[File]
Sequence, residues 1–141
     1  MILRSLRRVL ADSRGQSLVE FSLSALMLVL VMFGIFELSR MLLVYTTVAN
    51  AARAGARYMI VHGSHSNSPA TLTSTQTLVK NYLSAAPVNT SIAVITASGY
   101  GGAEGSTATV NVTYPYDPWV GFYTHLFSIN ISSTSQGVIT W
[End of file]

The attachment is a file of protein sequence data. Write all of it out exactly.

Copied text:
Sequence, residues 1–141
     1  MILRSLRRVL ADSRGQSLVE FSLSALMLVL VMFGIFELSR MLLVYTTVAN
    51  AARAGARYMI VHGSHSNSPA TLTSTQTLVK NYLSAAPVNT SIAVITASGY
   101  GGAEGSTATV NVTYPYDPWV GFYTHLFSIN ISSTSQGVIT W